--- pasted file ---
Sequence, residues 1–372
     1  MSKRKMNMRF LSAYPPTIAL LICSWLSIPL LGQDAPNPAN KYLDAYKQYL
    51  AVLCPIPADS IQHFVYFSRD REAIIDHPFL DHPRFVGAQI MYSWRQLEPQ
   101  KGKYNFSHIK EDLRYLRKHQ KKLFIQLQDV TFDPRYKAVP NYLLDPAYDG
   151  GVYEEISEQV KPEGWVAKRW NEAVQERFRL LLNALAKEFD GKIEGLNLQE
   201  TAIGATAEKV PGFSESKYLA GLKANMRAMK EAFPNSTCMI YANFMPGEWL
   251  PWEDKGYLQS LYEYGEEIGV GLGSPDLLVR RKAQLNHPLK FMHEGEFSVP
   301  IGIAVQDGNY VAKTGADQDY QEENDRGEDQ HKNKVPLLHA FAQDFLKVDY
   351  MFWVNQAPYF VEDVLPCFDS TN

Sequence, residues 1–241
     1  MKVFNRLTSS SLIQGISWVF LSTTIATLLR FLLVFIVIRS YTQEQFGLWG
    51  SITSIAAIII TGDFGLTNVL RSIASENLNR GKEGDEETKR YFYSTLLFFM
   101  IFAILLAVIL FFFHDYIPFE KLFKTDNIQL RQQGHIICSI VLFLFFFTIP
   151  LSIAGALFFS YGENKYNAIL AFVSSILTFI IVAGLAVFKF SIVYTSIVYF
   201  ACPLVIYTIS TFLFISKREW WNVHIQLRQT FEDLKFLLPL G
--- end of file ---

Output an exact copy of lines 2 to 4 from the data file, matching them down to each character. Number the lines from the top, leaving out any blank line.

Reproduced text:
     1  MSKRKMNMRF LSAYPPTIAL LICSWLSIPL LGQDAPNPAN KYLDAYKQYL
    51  AVLCPIPADS IQHFVYFSRD REAIIDHPFL DHPRFVGAQI MYSWRQLEPQ
   101  KGKYNFSHIK EDLRYLRKHQ KKLFIQLQDV TFDPRYKAVP NYLLDPAYDG